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Introduction to the pages on textiles and clothes

To the Philippine cultural minorities weaving and decorating textiles and clothing is an major expression of their decorative art. Most textiles are used as apparel, some simply by wrapping a piece of cloth around the body some by stitching parts together to make a blouse.

Most woven cloth is made of cotton, although the use of man-made yarns is becoming more common. One group uses bark fibre and some Moslem groups use silk to make festive clothing and clothes worn by the noblility.

A backstrap loom on which cloth of various width and length can be woven is commonly used. Textiles for commercial purposes (as by the Bontoc) are woven on looms with two or more harnesses.

To add decorative designs various techniques are applied. First there are the techniques whereby the weft or warp are woven together in different colours or patterns. Mainly in the southern Philippines, but not exclusively so, tie-dye techniques are used. This involves tying together sections of the warp into certain designs, or making patterns on ready cloth by gathering and tying-off sections of cloth.

Other decorative techniques used are embroidery, cross-stitching, appliqués, and shaping patterns or designs by using beads, shells, seeds, mother of pearl sequins and sequins of modern materials.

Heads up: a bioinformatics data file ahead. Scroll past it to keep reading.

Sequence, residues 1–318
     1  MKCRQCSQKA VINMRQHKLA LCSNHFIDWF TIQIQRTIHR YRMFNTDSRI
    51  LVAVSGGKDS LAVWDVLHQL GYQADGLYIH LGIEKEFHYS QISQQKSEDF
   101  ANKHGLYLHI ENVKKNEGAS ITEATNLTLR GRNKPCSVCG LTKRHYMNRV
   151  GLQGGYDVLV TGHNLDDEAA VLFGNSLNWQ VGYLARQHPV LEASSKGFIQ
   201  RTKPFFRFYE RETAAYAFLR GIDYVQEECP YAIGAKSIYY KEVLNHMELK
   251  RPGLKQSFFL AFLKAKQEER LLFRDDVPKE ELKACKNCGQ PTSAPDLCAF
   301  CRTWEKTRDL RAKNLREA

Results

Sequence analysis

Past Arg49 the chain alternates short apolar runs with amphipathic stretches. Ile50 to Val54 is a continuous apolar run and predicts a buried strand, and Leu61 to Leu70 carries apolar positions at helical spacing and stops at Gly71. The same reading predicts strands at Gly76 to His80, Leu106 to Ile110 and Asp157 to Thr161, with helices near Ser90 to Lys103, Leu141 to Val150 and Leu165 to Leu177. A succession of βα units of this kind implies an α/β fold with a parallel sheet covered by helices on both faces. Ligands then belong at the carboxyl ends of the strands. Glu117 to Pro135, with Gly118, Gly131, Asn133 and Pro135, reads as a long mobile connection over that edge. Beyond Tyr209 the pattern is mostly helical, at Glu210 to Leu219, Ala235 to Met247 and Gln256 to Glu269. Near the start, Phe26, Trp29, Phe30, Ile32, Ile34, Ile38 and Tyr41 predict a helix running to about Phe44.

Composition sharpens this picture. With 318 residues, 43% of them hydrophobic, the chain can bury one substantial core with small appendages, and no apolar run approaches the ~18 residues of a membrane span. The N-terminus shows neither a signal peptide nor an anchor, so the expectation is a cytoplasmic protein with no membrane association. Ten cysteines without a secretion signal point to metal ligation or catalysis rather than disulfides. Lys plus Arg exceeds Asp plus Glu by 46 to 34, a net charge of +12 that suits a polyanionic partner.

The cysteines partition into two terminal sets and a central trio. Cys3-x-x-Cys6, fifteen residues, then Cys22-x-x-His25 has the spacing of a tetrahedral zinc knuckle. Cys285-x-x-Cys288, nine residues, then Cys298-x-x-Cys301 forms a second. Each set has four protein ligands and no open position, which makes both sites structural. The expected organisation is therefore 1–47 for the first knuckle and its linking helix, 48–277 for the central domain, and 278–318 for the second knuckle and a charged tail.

The designs may be abstract and geometrical or stylised and naturalistic, such as human and animal figures, plants, trees and celestial bodies. Many of the designs originate in the artistic expression of the Dongson culture, a bronze-age culture that came into being at around 800 BC when peoples from south-eastern Europe migrated eastwards. On the Asian mainland the various peoples came into contact and a new culture with its own distinct style in artistic expression developed. The centre of the Dongson culture was found in and around the area today called Tongkin. The best known artifacts dating back to that period are the large kettle-drums found throughout South East Asia, on the mainland as well as in the Indonesian archipelago. The drums were an important medium in the distribution of decorative designs.

Later migrations spread the various techniques for making artifacts and clothes as well as decorative designs to other parts of the archipelago including the Philippines


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